Perhaps the Dumbest Teaching Question Ever

Here’s something I probably ought to have thought of before the semester started, perhaps even before planning on teaching a class like The Big Novel: It’s really, really hard to get students to talk actively about a text they’ve only read part of. They seem to want to hold all judgment in reserve until having completed the whole thing.

Or perhaps it’s just hard to get my students to do such mid-text talking. Which would imply, of course, that the problem is located not in the texts, and not in the students, but in the professor.

So here’s what’s to my mind perhaps the dumbest teaching question ever, and certainly the dumbest one I’ve ever asked in a public place: How do you get your students to engage actively with a small piece of a long text before they’ve read the whole thing?

As a follow-up: How do you get them to perform such active engagement when the text under consideration consciously presents itself as a mystery of sorts, raising question after question and hinting that answers will eventually be found, which increases that tendency toward the deferral of judgment, even though you, who have read the book several times, know perfectly well that such answers, if they’re to be found at all, aren’t located at the text’s end?

12 thoughts on “Perhaps the Dumbest Teaching Question Ever

  1. have them write about it first. then have them explain what they wrote… once the students has their thoughts on paper, i think they approach them as more valid and real than when they are just floating around in their heads.

    so i guess, write 3 paragraphs and 3 questions, the three paragraphs on something they ‘found’, ‘thought’ etc. and 3 questions that they think they can talk about.

    and the nice thing is that this excercise gives you some understanding of their reading/analysis skills.

  2. As someone with some experience in this area, I can assure you it’s not the professor. It’s THOMAS PYNCHON. Or, more generally, it’s big complicated novels. I think the key thing is to make sure the discussion isn’t limited to the plot, or the unifying theme, or anything else of which a first-time reader might feel he or she an incomplete grasp halfway through the novel. Easier said than done, of course. As much as I dislike writing about a book before being done with it, I would agree with Mr. Hunsinger that it’s a good way to get people talking. And if that doesn’t work, you can always just get somebody to take their top off.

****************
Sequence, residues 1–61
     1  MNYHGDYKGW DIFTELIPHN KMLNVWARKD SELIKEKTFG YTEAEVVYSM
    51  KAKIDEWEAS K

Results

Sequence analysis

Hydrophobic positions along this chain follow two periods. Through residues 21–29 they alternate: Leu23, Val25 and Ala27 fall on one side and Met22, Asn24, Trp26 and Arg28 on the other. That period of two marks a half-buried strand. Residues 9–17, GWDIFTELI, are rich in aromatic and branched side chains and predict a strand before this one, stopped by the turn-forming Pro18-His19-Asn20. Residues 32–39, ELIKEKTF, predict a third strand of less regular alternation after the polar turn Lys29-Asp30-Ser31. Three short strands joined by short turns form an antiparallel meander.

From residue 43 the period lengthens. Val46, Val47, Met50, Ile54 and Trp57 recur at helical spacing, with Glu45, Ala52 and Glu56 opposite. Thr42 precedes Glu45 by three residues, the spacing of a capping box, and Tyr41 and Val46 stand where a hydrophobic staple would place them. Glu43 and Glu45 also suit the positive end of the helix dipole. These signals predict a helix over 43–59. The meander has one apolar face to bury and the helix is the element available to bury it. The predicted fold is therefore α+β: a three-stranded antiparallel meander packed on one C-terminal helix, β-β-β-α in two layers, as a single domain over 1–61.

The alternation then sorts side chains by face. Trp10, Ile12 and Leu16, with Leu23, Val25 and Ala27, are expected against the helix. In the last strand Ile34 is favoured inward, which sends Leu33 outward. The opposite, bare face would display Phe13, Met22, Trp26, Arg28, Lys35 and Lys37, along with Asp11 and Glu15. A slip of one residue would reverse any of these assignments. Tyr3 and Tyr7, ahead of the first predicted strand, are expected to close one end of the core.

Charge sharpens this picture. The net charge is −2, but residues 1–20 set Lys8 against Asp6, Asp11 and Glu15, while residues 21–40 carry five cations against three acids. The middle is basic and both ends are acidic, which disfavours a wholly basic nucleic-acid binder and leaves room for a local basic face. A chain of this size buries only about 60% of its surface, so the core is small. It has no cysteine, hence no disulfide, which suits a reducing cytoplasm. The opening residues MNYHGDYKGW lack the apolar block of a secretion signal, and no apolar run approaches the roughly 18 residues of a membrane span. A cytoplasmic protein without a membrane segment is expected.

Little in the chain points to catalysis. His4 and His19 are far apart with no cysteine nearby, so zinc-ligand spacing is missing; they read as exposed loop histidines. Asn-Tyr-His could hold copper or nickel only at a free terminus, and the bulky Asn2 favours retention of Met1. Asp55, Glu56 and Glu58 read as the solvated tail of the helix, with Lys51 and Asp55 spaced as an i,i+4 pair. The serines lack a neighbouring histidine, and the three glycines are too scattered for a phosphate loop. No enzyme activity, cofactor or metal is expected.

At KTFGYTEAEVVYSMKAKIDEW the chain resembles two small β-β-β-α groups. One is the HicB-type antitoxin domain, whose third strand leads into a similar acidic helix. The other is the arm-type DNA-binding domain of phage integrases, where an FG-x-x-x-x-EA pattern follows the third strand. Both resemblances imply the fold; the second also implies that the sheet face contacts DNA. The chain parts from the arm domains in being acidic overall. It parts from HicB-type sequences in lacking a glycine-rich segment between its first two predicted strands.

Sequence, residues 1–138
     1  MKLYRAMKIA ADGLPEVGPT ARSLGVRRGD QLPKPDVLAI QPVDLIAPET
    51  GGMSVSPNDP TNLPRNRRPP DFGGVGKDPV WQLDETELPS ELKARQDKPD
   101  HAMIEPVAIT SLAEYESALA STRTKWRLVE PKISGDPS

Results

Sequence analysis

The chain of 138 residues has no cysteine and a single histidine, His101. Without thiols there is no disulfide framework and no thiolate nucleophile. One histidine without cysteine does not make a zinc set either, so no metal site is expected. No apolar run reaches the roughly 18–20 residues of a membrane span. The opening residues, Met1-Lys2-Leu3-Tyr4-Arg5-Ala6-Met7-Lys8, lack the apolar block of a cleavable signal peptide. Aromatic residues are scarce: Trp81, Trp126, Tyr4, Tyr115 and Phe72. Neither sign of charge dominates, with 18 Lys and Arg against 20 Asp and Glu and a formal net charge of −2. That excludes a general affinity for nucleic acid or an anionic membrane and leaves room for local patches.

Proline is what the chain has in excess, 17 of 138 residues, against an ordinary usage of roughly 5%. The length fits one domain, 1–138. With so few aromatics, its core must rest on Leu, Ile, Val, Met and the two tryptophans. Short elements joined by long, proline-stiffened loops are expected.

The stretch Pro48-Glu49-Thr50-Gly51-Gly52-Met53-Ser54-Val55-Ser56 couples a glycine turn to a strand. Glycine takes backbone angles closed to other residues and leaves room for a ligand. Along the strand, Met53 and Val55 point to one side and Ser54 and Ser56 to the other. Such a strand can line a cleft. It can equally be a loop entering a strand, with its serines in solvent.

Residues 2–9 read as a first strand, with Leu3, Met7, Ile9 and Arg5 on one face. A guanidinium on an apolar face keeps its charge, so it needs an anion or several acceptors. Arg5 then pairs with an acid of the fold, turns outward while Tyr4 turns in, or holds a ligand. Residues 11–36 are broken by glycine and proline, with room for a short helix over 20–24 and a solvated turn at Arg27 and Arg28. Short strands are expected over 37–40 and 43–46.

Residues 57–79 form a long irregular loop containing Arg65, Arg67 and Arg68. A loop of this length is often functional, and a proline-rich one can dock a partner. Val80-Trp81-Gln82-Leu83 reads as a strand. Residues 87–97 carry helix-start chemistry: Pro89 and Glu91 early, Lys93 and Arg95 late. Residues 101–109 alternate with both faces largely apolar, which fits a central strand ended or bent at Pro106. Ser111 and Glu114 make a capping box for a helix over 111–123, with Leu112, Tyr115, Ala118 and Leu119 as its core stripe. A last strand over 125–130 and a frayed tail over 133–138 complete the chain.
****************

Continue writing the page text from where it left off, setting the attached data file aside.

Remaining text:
3. Two of these books can only be re-read; one can only be read once. The DeLillo I’m agonistic about.

    If you’re doing these in chrono, and there aren’t a lot of “wtf?” questions about GR, I’d start with the reading quizzes.

  4. The old trick of making students talk to their neighbour for a few minutes before having to speak up in front of the professor works wonder with my students, who tend to display strict Scandinavian reserve until reprogrammed quite intensely.

    We don’t talk about big novels, though. Wish we did. I’ve tried to get them talking about Big Articles, which sometimes works, but there are always some who Haven’t Had Time To Read It. One colleague of mine demands ten lines of “thinking-writing” before she’ll let them into the classroom. I think about that every semester but haven’t quite had the heart to do it yet. Kick them out, I mean. I prefer putting them in small group situations where they’ll be horribly embarrassed in front of their peers if they haven’t done the reading. Saves me the bother of being the bad guy.

    When I studied big novels we weren’t expected to talk. The professors lectured. We shut up. Students should be seen adn not heard, and lectures were lectures. My impression was, though, that we HAD all read the novels. The whole novels. We loved reading. That was why we were studying something as impractical and certain NOT to get us jobs as literature.

    This appears to have changed.

    So sorry, no good advice, only sympathy…

  5. Sigh. Perhaps it is just Pynchon, and that GR is a novel that demands re-reading. Because we’ve done the write-first thing, and I always begin with some small group discussion before opening things up to the class as a whole. And some days, when there are structured assignments (i.e., present what you’ve written, or report back on your conversation), it pays off — students do what I’ve asked them to do, and thus the majority of the voices heard in the room are not mine.

    The problem is that these reportings-back don’t translate well into conversation — they become isolated reports, given in sequence. I’m the one that ends up doing a lot of the connecting.